Tuesday, May 09, 2006

State Pulse - Chhattisgarh: Naxal menace on the rise

Manuj Features
The Naxals have gone about acquiring more and more lethal weapons and recruiting and training thousands of volunteers, says RJ Khurana

Answering a question asked by a press reporter recently on the developing Naxal storm and the threat it posed to the national security, India's National Security Advisor, MK Narayanan dismissed the question by averring that it had little common with the elements of insurgency. Rejecting the Red Corridor reports, he said that it was confined to certain pockets and would be successfully tackled before long. I'm afraid it is this unwarranted complacency on the part of the administration that has brought the country to the present pass vis a vis the Naxal problem.

Nepal has been in deep trouble because of the Naxals. For sometime now, they have been tightening the noose on neighbouring UP, Uttranchal, Bihar and Jharkhand. Ask the Jehanabad (Bihar) jail staff or the villagers and they will tell you what it is. The humiliation that the administration suffered will go down as a shameful chapter in independent India's administrative history. Go to Jharkhand. Here railway stations and trains have been railjacked and police convoys attacked innumerable times.

They have many more horrible stories to tell. Visit Chattisgarh. Naxals roam about the length and breadth of Bastar divison freely, killing, maiming, kidnapping, attacking police stations and police convoys and railjacking trains as if they have no fear of any authority. Or, enter the neighbouring states of Orissa and Andhra. There the sufferers have their own heartrending tales of suffering to tell. Some recent cases are hard to ignore. A Naxal strike on April 16 on a police outpost in Bijapur district of Bastar Division killed 11 policemen. The Naxals looted arms and ammunition. On April 18, 2500 armed Naxals laid siege to a village in Bijapur trapping 2000 villagers.

The police was at its wits' end not knowing what to do with such large numbers. On April 19, the Naxals triggered a landmine in Phulbondi forest area in Gadchiroli district of Maharashtra blasting off a police van carrying a police patrol party. One constable was killed and 17 injured in the blast. On April 20, a group of 200 Naxals blew up the ancestral residence of Kamlesh Kumar Singh, Jharkhand's Minister for Water Resources in Palamu District. Fortunately the Minister was not at home.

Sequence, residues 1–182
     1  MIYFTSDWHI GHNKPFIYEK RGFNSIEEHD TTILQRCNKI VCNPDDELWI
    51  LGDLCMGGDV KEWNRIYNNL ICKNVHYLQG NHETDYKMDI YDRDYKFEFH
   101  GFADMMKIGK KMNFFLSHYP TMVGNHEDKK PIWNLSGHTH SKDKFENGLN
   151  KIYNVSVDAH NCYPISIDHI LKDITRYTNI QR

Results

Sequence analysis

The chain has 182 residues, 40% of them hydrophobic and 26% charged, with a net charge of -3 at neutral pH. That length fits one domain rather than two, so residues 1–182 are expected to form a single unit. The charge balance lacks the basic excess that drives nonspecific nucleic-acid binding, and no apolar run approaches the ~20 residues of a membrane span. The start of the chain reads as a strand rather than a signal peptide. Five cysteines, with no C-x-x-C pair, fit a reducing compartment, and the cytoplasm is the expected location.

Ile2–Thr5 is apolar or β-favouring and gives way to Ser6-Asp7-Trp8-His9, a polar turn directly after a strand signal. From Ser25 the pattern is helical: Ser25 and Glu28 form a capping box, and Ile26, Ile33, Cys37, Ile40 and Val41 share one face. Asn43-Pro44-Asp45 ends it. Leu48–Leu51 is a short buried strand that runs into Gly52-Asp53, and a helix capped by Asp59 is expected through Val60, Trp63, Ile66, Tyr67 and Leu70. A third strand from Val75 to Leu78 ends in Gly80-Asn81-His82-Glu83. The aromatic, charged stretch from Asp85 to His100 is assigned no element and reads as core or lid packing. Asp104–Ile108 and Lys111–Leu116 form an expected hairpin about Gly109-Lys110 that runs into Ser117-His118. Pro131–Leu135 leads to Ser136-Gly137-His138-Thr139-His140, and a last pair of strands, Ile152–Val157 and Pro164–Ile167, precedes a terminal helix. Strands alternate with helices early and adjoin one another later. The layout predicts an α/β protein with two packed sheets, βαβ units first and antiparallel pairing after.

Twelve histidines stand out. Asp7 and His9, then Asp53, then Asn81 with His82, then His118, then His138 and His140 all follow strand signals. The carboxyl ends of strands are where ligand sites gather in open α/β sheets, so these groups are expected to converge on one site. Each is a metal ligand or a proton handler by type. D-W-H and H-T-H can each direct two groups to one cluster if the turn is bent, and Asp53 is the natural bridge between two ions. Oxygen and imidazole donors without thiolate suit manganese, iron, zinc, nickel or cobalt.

The villagers did not put up any resistance. There has been a phenomenal increase in their strength and scale of operations. They are now 50% more than in 2001. They are no rag tag gangs any more and are organized into formations on the lines of paramilitary forces. They have acquired modern weapons and explosive devices and used them with deadly effect to blow up security forces' vehicles and establishments/camps. They have not only chosen their targets carefully, but also struck in strength and with 100% success. While the governments at the Centre and in the states spend their time in wringing their hands or making brave statements and not gone beyond holding discussions and meetings at by now famous "the highest level" and blaming each other for real and imagined reasons, the Naxals have gone about acquiring more and more lethal weapons and recruiting and training thousands of volunteers.

What is further disconcerting is the fact that the number of their sympathizers has been increasing and less and less people of the affected states are coming forward to put up resistance or give intelligence, another pointer to plummeting morale. No wonder, the intelligence organizations are increasingly becoming clueless. From now on, unless the affected state governments and the Union government work hard to instill confidence in the people, the situation may deteriorate further. The next step for the Naxals is to consolidate their hold on the areas of their operations and establish parallel governments.

Will the Union and the state governments countenance such a situation? Complacency should have its limits. Desperate Chattisgarh recently hired redoubtable KPS Gill to deal with the menace. They are pinning high hopes on him. They are expecting a miracle. Gill is a tough policeman whose contribution to ending the Punjab militancy is significant. The Chattisgarh government, however, should not lose sight of the fact that Gill will be new to the state; he is past 70 and lacks experience in dealing with Naxals. In these circumstances, Gill's presence alone will, perhaps, not suffice. Naxalism is not a mere police or military problem. It is a revolt of the deprived and the dispossessed.

People want education, health care, sanitation, water, power, agriculture that can afford them an honourable livelihood, jobs, housing, better roads and bridges, end to their exploitation and good governance. Unfortunately the state governments have lost their credibility. The National Security Advisor is a wise man with a wealth of experience at his command. He hardly needs to be told about this.

1 comment:

Anonymous said...

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